As so often happens these days, this revolution was triggered by a YouTube video. For those of you who have not witnessed this deeply disturbing sequence, which occurred in December 2011, let me briefly describe it here. Where we pick up the trail a group of protesters in Tahrir Square are quite literally being manhandled by Egyptian security forces. The camera closes in on one particular act of abuse: A woman whose name we still do not know and whose ultimate fate remains a mystery is brutalized by military police.
This chaotic scene comes to a baffling end as the victim, apparently unconscious, lies in the street with her blue bra revealed. Creeping in from the wings, a security agent -- his baton at rest -- suddenly feels compelled to cover her exposed flesh. This ostensible concern for her modesty is awfully difficult to decode, given what he and his colleagues have just put this poor woman through.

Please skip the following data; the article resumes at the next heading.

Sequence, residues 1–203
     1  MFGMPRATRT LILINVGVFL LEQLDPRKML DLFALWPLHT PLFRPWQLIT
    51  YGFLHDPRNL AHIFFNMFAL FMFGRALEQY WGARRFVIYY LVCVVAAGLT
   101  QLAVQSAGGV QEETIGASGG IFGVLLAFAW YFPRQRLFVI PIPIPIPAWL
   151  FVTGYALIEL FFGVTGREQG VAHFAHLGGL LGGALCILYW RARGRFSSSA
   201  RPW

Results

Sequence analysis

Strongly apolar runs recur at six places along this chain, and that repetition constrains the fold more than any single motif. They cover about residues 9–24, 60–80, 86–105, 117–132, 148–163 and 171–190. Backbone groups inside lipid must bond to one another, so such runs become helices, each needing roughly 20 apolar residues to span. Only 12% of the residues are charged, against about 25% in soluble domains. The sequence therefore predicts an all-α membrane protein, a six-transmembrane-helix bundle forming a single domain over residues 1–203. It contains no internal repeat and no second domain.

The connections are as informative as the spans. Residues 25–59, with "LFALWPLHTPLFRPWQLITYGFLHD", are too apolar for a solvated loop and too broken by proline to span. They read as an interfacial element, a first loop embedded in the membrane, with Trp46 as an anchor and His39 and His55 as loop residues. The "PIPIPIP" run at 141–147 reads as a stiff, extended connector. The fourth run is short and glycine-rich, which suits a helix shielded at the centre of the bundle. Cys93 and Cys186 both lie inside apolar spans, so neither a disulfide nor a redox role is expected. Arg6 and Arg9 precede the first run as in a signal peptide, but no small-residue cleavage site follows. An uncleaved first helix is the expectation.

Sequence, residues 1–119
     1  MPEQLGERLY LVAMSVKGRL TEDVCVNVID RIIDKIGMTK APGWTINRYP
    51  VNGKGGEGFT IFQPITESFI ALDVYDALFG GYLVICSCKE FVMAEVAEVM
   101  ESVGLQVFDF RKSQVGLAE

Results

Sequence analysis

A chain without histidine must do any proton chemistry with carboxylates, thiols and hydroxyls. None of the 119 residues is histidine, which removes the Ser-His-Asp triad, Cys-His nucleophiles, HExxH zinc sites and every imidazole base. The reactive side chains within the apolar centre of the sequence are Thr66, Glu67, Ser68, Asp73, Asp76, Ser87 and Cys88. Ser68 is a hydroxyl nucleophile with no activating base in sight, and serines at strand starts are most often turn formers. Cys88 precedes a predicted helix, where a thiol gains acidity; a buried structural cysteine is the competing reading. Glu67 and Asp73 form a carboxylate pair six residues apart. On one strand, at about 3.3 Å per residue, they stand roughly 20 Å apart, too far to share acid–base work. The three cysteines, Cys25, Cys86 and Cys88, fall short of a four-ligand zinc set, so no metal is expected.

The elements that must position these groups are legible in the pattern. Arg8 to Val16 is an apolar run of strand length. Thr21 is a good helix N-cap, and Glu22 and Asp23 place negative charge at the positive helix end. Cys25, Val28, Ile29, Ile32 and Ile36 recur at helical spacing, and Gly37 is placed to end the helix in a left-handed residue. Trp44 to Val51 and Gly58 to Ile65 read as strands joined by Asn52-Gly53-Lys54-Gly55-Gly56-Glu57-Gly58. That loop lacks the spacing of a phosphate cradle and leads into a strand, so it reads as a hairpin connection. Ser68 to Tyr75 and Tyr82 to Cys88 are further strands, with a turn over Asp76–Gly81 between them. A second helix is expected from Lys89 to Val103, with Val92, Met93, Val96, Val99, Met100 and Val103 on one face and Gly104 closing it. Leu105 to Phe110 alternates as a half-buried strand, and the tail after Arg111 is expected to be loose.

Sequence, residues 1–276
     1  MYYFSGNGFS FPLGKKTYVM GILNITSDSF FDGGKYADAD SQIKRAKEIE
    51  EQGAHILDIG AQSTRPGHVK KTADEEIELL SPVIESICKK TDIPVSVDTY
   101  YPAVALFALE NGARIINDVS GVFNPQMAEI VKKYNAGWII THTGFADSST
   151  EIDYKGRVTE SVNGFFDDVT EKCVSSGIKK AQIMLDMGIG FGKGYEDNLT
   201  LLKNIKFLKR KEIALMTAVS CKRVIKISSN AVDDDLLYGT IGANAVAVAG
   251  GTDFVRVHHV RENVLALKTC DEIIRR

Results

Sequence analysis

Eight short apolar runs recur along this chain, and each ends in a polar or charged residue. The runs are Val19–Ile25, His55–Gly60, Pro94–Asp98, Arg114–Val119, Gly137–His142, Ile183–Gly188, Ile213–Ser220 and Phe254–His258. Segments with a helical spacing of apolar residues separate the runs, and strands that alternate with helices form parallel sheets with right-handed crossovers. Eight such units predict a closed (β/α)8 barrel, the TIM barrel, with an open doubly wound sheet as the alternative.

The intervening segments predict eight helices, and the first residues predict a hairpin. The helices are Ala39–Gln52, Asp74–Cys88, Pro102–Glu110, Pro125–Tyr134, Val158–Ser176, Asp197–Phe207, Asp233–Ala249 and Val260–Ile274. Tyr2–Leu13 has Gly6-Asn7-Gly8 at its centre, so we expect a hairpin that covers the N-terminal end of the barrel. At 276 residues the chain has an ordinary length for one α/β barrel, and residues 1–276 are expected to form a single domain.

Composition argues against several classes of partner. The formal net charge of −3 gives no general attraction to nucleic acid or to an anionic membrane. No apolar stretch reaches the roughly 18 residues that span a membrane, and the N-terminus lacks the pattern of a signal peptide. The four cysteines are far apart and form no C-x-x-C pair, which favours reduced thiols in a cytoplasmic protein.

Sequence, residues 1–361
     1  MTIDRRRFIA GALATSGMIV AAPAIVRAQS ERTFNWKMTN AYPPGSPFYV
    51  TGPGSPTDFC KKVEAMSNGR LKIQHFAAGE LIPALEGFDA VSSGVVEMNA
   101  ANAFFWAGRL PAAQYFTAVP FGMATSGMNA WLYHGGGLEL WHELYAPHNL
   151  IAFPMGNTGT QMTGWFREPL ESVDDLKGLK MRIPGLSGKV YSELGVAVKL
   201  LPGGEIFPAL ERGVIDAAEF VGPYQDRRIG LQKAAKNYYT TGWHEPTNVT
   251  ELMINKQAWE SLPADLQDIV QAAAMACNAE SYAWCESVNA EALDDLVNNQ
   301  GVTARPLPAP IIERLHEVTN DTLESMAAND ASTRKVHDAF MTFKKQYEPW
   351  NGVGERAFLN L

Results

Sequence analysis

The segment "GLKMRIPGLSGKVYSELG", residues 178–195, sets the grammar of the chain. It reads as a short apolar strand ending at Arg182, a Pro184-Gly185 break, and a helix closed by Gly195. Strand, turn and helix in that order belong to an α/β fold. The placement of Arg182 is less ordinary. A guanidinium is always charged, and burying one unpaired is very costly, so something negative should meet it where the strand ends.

Reflecting on this grim and bewildering scene, Nomani calls attention to how traditional honor/shame categories in the Muslim world have been radically upended in the wake of this incident. Whereas once the victim would have been castigated in the media and civil society, the tables have apparently been turned.
No small amount of outrage about this violent act has been expressed in the Arab and wider Islamic world. It is the male perpetrators who have been publicly shamed, and in this Nomani sees a new and promising development arising from this distressing moment.